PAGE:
Closing the Books on 2016

This is a time for reflection.  Looking back on the past year, it really was not a great
one for the CPSC. And, sadly, many of the agency’s problems closing-bookswere of its own making. While many of the initiatives that are either ongoing or started in 2016 will continue into 2017, others will be consigned to the dustbin of bad ideas.  And most importantly, 2017 will bring new leadership and with it fresh ideas and perspectives to address the important and complex issues with which the agency must struggle as it works to fulfill its mission to protect consumers from unreasonable risks.
From my perspective, as a past regulator and now as a practitioner trying to help those in the regulated community who sincerely want to stay on the right side of the compliance line but who find that line often moves or disappears altogether, here are some areas where the agency fell down and one hopes could do better next year.

  • A penalty policy that hardly qualifies as any kind of rational “policy” at all. The agency rewrote the regulation dealing with the factors to be considered when applying penalties back in 2009 to give more transparency to the process. Instead, the process has become anything but transparent. Agency enforcement staff has made clear that it has little interest in negotiations over penalty amounts, which is where the application of the penalty factors would come in.  Current agency leadership has stated that its penalty policy is “more is better.” In trying to appear as a tough cop, the agency instead comes across as a bully.  While that result may be an effective scare tactic, it serves to drive away companies who might otherwise seek out the agency when potential problems arise and does not help to advance collaborative problem solving which the agency needs to advance its mission.  Much has been written about the agency’s shortcomings in this area and let’s hope that 2017 brings about needed change here.
  • An “ends justifies means” mentality that allows for skirting regulatory fairness and due process. Or put another way, government always knows best. What better illustration of this attitude than the agency’s attempts to regulate small rare earth magnets (SREM’s). Even though the industry leaders proposed a collaborative effort to regulate warnings and packaging of the product back in 2011, the agency rejected that offer and instead, through recalls and regulation, acted to ban the product.  The last hold-out, a tiny U.S. company in Colorado—Zen Magnets–has consistently been prevailing in court against the full force of the U.S. Government.  In the meantime, Chinese imports of SREM’s are being sold without any effort by the CPSC to crack down.  I guess that the CPSC thinks that only magnets sold by U.S. companies are dangerous. Certainly magnets present a hazard if swallowed.  However, they can be used safely in many different art, science, educational and recreational applications.  Perhaps in 2017, the agency could consider how to step back from a ban to a regulation that allows the product into the market while providing the kind of warnings and child-proof packaging that alerts parents to the hazards the product presents if swallowed by small children.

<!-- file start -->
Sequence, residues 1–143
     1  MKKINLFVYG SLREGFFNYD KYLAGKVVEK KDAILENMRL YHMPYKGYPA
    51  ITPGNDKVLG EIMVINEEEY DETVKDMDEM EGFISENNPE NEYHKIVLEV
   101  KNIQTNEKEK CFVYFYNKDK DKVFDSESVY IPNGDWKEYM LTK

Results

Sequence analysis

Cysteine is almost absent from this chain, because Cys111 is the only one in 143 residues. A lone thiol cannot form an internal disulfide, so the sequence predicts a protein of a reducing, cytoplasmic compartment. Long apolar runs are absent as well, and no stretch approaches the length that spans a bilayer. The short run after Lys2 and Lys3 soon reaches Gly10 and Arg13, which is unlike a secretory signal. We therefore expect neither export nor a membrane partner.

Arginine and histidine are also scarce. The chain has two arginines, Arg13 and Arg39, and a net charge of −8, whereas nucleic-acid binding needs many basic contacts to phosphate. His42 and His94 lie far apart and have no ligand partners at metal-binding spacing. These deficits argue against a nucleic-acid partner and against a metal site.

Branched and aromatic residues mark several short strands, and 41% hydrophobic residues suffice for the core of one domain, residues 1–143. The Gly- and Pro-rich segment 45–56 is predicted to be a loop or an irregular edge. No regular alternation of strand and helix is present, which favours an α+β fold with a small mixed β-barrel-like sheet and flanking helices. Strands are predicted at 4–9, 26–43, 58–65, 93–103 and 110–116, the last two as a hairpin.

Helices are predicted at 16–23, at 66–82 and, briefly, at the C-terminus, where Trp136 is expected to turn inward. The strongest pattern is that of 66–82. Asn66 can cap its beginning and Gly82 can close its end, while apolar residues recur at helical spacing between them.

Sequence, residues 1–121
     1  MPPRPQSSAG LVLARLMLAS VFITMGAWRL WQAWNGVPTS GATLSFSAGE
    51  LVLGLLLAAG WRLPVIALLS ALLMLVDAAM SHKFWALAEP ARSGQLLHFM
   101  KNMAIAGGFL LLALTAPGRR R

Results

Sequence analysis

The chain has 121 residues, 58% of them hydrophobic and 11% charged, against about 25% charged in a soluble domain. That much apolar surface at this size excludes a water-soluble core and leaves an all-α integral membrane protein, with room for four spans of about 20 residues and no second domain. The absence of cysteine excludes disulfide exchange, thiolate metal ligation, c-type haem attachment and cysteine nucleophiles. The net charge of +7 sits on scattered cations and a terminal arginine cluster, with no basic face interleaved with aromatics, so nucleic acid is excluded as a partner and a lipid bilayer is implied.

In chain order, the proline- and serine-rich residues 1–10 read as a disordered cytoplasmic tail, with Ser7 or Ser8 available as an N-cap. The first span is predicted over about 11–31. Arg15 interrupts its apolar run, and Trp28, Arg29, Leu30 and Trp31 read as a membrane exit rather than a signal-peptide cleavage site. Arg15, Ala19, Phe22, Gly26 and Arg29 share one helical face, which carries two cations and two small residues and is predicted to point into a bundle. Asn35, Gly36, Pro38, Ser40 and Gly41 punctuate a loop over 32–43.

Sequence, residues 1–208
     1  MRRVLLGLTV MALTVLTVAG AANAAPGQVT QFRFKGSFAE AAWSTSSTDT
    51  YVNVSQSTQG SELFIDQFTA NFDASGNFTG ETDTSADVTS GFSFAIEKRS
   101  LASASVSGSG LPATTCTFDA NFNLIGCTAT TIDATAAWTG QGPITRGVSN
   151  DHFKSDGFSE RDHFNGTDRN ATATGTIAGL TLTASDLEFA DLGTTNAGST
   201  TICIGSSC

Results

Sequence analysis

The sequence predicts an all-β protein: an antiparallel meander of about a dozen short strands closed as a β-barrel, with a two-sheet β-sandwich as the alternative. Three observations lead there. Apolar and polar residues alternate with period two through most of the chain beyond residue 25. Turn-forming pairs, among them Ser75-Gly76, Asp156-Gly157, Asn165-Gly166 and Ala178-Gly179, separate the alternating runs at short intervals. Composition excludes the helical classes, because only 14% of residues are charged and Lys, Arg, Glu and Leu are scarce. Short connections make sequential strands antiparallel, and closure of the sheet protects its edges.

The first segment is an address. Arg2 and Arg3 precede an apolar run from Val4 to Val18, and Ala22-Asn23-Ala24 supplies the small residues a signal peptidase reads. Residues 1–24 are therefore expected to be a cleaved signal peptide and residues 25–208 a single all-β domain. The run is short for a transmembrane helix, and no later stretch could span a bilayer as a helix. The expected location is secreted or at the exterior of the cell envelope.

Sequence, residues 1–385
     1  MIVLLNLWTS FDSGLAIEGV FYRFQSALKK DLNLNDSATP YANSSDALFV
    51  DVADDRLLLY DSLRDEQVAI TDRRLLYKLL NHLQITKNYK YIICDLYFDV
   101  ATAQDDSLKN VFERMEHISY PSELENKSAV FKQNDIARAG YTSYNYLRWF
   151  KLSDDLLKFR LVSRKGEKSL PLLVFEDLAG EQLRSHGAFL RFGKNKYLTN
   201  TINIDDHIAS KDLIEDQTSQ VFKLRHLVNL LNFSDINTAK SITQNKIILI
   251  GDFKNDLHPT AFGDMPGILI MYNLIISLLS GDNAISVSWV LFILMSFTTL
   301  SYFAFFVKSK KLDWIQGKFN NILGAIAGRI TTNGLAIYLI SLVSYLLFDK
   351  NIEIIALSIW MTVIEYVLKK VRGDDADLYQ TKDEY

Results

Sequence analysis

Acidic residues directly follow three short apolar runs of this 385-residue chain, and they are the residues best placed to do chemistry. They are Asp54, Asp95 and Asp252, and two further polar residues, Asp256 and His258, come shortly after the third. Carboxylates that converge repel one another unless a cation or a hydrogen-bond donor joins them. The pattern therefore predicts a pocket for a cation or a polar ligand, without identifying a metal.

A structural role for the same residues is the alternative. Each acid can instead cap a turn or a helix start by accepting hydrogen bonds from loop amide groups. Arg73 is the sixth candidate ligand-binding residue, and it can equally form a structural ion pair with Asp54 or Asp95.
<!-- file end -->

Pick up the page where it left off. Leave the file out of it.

• Will the agency consider applying modern regulatory concepts to rule writing to assure they are effective? In a recent statement, Commissioner Mohorovic is critical of the agency’s purported effort review its standard dealing with mattress flammability.  This review is required by the Regulatory Flexibility Act which mandates review of significant rules every 10 years and the mattress rule falls into that definition.  Even though the staff found that the rule was not as effective in protecting the public as the agency had predicted when it was issued 10 years ago, it did not recommend changes.  This is just one example of the agency’s reluctance to go back to see if what it is doing is really working to protect consumers.  Commissioner Mohorovic’s suggestion that a retrospective review plan be built into rules as they are being developed is a good one and would help assure that the rules the agency writes actually provide the protection the agency says they will.  To date, agency leadership has only given lip-service to the suggestion but has done nothing real to effectuate such a plan.  Perhaps in 2017, this will change.
  • Will 2017 bring some closure to the never-ending dithering on upholstered furniture flammability regulation? For a while in 2016, it looked like Commissioner Buerkle had found a path forward for addressing upholstered furniture smoldering hazard, but that was not to be. Instead, a majority of the commissioners decided that virtually every flammability hazard needed to be regulated so are now looking at how to address the hazard of large open flame fires  where upholstered furniture is not necessarily the first ignition source but could possibly be the second or even the third source of ignition.  To do this, commercial grade materials, expensive barriers and flame retardants will necessarily be part of the equation. In the meantime, pending before the agency is a petition to ban flame retardants.  Boy, what a mess! A consumer rebellion may be on the way!
  • We started the year with flaming hover boards and ended it with flaming cell phones—both caused by lithium ion batteries. Rather than looking at the application first, would it not be better to start by looking at the batteries? The agency seems to be going about this from the wrong direction.